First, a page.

The JEM and SLM believe that the Abuja talks are at a crossroads.
The GOS, which was not interested in finding a peaceful solution to the crisis in Darfur and the whole of Sudan from the outset, has used the talks to buy time and deflect international pressure, even as it continues to violate previous agreements and commitments. Its genocidal war against the people of Darfur continues with greater intensity than at any time before the start of the talks. It is working to impose a military solution, using the peace talks as a fig-leaf. The situation in Darfur is getting worse and not better.
The AU, under whose auspices the talks are being conducted, and the facilitators working with it, have not been even-handed in their treatment of the parties. It has also become clear that they lack leverage on the parties, specially the GOS, to ensure that they negotiate in good faith.
The United Nations and the international community at large seem to have regarded the Abuja talks as a side-show to the negotiations in Naivasha. The UNSC meeting in Nairobi refused to discuss Darfur. We cannot but sadly note that the international community wants the Abuja talks to mark time, as it mistakenly hopes that Naivasha will resolve the problems of Sudan.
In these circumstances and given the gravity of the situation as well as the duplicity and lack of seriousness of the GOS, the SLM and JEM declare the following:-
The GOS has trampled underfoot the agreements it signed and the commitments it entered into, including the cease-fire agreement and the disarming of the Janjaweed. The JEM and SLM call on the African Union and the international community to ensure that Khartoum abides by its commitments and stops its war and genocide in Darfur. Unless concrete steps are taken in this regard, the SLM and JEM will reconsider their participation in these talks, which, in any case, will have been turned into a charade.
The JEM and SLM support the Naivasha talks, but are convinced that even if successfully concluded they cannot resolve the problems of Darfur and Sudan. Indeed they distort the problems of Sudan by seeing them through a North-South prism and can end up complicating their resolution. The SLM and JEM call on the international community to give the political resolution of the underling causes of the crises in Darfur, Eastern Sudan and other parts of the country the same attention it is giving the SPLM-GOS talks.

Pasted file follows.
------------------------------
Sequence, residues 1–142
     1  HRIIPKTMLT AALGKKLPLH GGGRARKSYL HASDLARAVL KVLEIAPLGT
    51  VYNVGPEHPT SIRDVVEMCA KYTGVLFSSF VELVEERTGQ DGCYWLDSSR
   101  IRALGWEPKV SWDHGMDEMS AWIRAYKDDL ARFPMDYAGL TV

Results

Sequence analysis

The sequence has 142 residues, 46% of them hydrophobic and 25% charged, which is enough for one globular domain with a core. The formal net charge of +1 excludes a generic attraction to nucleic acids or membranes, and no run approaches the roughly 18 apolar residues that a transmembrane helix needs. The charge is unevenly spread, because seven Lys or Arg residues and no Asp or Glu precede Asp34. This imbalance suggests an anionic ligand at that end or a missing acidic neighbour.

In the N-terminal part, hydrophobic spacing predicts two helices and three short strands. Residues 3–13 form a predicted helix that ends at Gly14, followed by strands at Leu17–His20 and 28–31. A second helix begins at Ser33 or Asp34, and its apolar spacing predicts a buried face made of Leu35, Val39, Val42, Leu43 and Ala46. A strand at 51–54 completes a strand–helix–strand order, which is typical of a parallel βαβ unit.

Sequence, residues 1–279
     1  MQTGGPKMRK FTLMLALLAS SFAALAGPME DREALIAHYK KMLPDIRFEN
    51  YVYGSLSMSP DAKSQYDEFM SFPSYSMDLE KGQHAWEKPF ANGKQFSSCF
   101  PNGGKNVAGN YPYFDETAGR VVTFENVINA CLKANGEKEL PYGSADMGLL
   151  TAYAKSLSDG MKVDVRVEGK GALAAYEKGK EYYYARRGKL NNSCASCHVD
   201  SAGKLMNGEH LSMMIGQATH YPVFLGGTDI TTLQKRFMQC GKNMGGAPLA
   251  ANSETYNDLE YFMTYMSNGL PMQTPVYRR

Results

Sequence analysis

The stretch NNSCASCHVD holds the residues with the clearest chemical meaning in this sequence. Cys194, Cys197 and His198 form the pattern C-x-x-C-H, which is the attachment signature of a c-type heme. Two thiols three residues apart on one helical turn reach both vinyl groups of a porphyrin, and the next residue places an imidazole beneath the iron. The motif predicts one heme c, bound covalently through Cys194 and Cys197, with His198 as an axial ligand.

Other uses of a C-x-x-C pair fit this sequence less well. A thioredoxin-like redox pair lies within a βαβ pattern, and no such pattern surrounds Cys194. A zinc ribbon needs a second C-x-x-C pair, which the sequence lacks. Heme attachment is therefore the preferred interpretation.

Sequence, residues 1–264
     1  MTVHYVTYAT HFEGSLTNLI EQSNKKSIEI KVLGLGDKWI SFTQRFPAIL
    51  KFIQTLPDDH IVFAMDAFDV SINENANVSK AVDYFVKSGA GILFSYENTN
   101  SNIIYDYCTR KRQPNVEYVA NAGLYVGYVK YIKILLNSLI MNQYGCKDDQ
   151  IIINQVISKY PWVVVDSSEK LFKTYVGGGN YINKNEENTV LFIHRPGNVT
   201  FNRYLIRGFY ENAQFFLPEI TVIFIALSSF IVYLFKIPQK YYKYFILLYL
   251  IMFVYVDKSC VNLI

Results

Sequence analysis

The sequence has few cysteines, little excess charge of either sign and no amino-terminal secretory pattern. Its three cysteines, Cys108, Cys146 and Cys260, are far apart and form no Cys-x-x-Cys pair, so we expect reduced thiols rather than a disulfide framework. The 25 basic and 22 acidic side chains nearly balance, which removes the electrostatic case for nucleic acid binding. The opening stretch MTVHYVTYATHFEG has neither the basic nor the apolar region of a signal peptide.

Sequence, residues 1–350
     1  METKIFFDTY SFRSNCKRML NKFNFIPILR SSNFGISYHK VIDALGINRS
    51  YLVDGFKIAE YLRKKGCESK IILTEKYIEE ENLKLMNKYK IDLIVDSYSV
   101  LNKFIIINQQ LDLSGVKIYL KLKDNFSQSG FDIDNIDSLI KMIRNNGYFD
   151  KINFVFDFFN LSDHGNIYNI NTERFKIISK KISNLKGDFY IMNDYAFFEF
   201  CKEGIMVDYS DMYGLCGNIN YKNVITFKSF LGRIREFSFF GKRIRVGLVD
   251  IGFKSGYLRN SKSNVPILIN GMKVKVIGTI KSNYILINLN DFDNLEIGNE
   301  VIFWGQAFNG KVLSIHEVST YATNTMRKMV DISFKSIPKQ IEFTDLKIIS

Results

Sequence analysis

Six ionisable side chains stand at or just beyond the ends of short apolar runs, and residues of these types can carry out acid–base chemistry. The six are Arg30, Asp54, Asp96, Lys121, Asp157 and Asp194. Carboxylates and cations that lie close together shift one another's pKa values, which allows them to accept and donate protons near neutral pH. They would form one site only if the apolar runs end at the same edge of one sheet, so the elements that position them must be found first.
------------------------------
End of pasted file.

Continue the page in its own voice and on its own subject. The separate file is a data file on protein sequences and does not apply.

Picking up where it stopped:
The JEM and SLM call for an overhaul of the AU setup for the Abuja talks, which up to now has favoured one of the Parties, that is the GOS. Our repeated demands that the US the EU and other African countries participate as mediators, in the interests of strengthening the AU mechanism, have been ignored, while mediators suggested by and favoring the GOS have been included. We now request that the US, EU and other African countries formally join the mediation process. The IGAD experience in Naivasha shows that the Abuja talks can only benefit as a result.
The SLM and JEM call for a specific time frame to bring the Abuja talks to conclusion. Sterile and drawn out discussions, which is what the GOS wants, cannot be acceptable, while Darfur burns and its people suffer the world's worst humanitarian crisis. Specifically, we propose that the talks conclude by January 31, 2005.
The JEM and SLM propose that the talks immediately move to a discussion of the underlying political and socio-economic causes of the conflict. We jointly propose the following framework for a political solution:-
1. Sudan is a poly-lingual, multi-ethnic, multi-cultural and multi-religious nation. This reality must inform the Sudanese constitution and must be reflected in the character of the Sudanese state.
2. The fundamental cause of the political crisis that has bedeviled Sudan and the numerous wars raging in the country is the extreme political, economic and cultural marginalisation of the overwhelming majority of Sudanese and the monoplisation of power and resources by a small minority.
3. All regions of Sudan must have the right to rule themselves in a genuine federal arrangement, where the center only has the powers that are agreed to by the constituent regions.
4. There must be a just and equitable share of power and resources at the national level.
5. A transitional period of three years, during which a national constitution will be ratified and at the end of which national elections will be held. An inclusive transitional government will be set up to lead the country under a democratic, transitional constitution. The transitional government will reflect the principle of equitable sharing of national power and resources by the country's regions.
6. In regard to Darfur,
6.1 The people of Darfur will set up a transitional government for the united region and rule themselves democratically.
6.2 The people of Darfur will have an equitable share of national power and resources during the transition period.
6.3 The reconstruction and rehabilitation of Darfur and other war- ravaged regions as well as subsequent sustainable development will be a national priority. There will be fair compensation for people affected by the war.
6.4 The historically owned and inherited tribal land (hawakeer) will be recognized.
6.5 The SLM and JEM will maintain their armed forces during the transition period. A portion of those forces will be integrated into the national army during the transition.
6.6 The Janjaweed will be disarmed and the perpetrators of the genocide in Darfur will be brought to justice.
6.7 There will be an international peace-keeping force in Darfur to guarantee the political agreement until the end of the transition.
7. An all-inclusive national constitutional conference must be convened within six months of a peace agreement to find a comprehensive political solution, ratify a transitional constitution (which cannot contradict the principles enunciated in this framework) and set up an inclusive transitional government.